A few weeks ago I was on a training course (Coding with Visual Basic - lucky me!) and a high school teacher there was telling me how dangerous blogs are. Apparently students use them for bullying. She couldn't explain exactly how this was done, but she said that many teachers at her school (coincidentally another Catholic school) felt threatened by student blogging. Huh?
Of all things, I would have thought that blogging, because of its open nature, would be the least threatening way of using the internet. Teen angst fills the files on the servers at xanga, livejournal and many other blogging/journalling sites. If you fall into a nest of teen bloggers you'll want to climb right out, as fast as you can. But I can't see the danger - or at least I can't see a danger that doesn't exist in many other places, both online and in real life. If teens are putting too much personal stuff out there and making themsleves vulnerable to predation, shouldn't they be shown how and why to be as careful and wary online as they are in real life? If the bullying has moved from the bikesheds to the internet, is it any worse? Isn't it the behaviour that teachers and parents should be monitoring, guiding and modelling, instead of getting bogged down in talking down the medium?
No, it's not about protection of vulnerable youngsters; it's about control. The children of the book (that's most of us) are trying to impose their world on the children of the screen (that's anyone under around 20). (These useful labels come from Susan Greenfield and shouldn't be taken to mean that I am dividing the human race into two parts -it's simply a way to talk about how we know and learn stuff. I myself consider that I'm between screen and book, although still mostly book - although I'm entirely comfortable in/on/with the screen, I tend to think in hierarchies, which children of the screen don't.)
This kind of reaction is a moral panic - a human reaction as old as the generation gap. It is a convenient way to demonise difference and institutionalise fear. It's not about safety, it's about limits and boundaries. And it doesn't work. Never has, never will.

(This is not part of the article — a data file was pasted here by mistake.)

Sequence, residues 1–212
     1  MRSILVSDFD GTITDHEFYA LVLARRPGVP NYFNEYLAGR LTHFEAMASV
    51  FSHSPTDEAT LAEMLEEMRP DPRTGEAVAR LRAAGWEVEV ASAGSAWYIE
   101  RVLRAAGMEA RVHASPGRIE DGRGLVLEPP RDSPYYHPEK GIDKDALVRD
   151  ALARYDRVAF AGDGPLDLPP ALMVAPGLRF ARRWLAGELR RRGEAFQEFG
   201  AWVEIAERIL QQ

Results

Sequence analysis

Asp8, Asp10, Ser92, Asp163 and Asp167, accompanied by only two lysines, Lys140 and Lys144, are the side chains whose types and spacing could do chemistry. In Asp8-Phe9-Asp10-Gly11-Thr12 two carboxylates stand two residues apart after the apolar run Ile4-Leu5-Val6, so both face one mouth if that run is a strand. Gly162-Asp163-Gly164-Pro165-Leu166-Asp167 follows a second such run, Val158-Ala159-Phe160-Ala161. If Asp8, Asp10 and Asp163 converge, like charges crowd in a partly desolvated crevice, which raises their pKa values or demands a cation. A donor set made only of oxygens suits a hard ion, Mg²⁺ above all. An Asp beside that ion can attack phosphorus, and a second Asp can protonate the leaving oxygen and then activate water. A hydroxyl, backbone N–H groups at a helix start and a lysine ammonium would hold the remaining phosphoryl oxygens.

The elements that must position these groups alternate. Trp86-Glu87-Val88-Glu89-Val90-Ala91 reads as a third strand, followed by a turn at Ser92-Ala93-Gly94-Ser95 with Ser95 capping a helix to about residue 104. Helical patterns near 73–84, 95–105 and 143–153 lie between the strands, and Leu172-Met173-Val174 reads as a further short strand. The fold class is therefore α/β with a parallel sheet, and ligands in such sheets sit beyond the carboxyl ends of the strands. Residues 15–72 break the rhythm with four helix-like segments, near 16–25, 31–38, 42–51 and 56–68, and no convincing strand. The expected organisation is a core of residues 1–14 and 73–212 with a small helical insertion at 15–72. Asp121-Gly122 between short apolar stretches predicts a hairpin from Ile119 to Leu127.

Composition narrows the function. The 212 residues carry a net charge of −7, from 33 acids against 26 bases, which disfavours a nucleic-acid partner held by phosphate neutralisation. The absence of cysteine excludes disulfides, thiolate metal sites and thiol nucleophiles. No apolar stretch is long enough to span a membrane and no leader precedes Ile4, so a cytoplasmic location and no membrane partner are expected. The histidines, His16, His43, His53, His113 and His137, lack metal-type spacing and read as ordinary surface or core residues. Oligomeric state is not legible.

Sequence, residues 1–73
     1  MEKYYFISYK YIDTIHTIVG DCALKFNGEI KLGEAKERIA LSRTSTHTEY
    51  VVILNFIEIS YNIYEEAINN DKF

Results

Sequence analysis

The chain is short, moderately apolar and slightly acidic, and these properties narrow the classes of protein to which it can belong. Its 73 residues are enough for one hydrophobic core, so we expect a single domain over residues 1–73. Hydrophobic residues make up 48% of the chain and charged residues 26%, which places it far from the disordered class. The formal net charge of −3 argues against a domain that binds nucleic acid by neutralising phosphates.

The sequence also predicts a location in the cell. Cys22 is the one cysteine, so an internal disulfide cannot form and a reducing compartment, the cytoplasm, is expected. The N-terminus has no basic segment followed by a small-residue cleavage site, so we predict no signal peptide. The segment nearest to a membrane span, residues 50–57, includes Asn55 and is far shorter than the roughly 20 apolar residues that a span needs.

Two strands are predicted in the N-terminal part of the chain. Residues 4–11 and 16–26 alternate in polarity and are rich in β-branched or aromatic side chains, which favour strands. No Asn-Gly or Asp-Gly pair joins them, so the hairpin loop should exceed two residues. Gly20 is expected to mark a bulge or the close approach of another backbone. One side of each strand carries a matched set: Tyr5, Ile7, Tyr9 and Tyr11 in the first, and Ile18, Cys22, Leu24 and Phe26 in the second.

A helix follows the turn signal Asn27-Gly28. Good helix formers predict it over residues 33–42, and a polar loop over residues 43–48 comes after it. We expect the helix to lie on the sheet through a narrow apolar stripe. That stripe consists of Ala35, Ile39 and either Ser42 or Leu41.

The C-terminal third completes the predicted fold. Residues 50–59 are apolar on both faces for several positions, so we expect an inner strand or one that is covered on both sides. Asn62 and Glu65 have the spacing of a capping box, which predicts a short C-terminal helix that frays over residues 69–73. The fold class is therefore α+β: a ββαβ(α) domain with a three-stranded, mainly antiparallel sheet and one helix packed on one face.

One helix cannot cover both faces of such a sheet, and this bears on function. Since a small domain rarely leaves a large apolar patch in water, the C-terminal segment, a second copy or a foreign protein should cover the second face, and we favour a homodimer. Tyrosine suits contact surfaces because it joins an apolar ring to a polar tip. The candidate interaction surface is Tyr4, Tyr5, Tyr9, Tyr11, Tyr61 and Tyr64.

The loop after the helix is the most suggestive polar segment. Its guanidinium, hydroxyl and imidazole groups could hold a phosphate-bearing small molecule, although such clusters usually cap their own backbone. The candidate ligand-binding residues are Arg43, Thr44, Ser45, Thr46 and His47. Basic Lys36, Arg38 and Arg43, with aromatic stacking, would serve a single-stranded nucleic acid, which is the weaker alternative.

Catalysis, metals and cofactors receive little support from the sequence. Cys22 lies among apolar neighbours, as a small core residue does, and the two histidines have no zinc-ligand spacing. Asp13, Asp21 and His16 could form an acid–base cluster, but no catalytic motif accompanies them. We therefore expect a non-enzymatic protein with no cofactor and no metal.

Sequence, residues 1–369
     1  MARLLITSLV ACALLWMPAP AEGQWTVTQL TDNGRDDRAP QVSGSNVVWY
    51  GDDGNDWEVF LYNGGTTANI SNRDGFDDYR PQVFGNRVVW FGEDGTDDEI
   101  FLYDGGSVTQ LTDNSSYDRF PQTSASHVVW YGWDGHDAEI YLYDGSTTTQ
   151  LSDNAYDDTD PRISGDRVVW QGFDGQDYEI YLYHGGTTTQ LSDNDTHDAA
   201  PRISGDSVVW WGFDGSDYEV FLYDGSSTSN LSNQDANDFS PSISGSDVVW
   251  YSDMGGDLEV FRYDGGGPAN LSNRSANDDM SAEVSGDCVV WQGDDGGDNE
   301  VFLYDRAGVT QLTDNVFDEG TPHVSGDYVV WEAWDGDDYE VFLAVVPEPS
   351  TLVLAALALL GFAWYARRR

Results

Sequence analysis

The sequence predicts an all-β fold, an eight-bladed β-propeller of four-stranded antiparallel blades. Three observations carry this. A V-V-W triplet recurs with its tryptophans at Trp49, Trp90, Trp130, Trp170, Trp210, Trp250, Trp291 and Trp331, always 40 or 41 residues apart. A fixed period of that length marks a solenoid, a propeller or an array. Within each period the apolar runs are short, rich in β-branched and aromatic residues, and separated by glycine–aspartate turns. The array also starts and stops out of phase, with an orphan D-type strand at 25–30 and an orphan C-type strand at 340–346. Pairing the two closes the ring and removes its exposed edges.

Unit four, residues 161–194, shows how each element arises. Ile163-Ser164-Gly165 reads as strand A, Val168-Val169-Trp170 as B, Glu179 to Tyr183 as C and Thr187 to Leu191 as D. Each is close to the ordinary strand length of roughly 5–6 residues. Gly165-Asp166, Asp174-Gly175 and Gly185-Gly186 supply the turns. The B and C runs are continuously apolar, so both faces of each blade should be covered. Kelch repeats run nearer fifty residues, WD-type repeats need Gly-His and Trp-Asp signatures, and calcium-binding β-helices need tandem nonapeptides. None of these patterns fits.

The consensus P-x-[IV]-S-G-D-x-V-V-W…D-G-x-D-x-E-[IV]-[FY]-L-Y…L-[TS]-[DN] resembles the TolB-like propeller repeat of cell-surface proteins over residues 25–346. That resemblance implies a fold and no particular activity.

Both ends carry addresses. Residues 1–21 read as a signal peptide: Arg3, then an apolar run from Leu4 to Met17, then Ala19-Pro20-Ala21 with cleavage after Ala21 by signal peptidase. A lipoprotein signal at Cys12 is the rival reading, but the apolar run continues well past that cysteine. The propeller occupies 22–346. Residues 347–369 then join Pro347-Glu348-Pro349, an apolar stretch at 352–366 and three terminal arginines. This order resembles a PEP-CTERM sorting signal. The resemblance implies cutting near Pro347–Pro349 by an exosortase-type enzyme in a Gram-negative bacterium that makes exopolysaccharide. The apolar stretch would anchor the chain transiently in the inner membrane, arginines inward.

Here's a preliminary shot of my new living room. It's gorgeous - but I expect you'll be finding it rather difficult to appreciate this from this little phone picture. It's taken from the hallway door, looking toward the kitchen archway (presently draped). The line on the floor was a wall this morning.
I love my little house. It's nearly perfect for me. But not quite: the living room and dinig room are both quite small. So I have had a quote to have the wall between them removed; it is within budget and the builder can squeeze it in next week - I expected it would be sometime in 2006!
Here is roughly what it looks like now (click to enlarge).
The biggest disadvantage of this layout is that anyone coming in the front door can see right down to the bathroom. There is an arch between the dining room and the kitchen, so that part is quite open, but the living area can feel quite claustrophobic. And when I'm cooking I'm cut off from whatever's happening in the living room.
So the plan is quite simple: to open it up like this:
The side windows only look out on the wall of the next house, but kitchen window looks out on the pretty back garden, and soon you'll be able to see that from the living room.
I posted this link a couple of weeks ago, and it's still gripping me. Ray moved back to New Orleans on Friday and I'm waiting anxiously for his next post.
Truly, truth is stranger than fiction. How can anyone cope with all this? I can hardly imagine feeling like this - and it must be even worse for lots of other people caught in Katrina who have lost people close to them. And of course, for people caught in the tsunami or the earthquake.
I had a real bout of homesickness reading this morning's paper. Paolo Totaro, one of my favourite journos, on what Aussies could learn from New Zealand. Read it - I promise it's worth your time. It's good to think that what I (and other expat kiwis) feel about Aussie politics can be picked up by an Aussie too.
We have this object in a corner of our office. It is a multi-functional object: It can scan, print, fax or photocopy. But it has a problem: it can't decide what function to perform. We send it a printing job and it tries to warm up its scanner. We put a sheet in to photocopy and it wants a number to fax it to.
Office equipment with an identity crisis. Give me a break!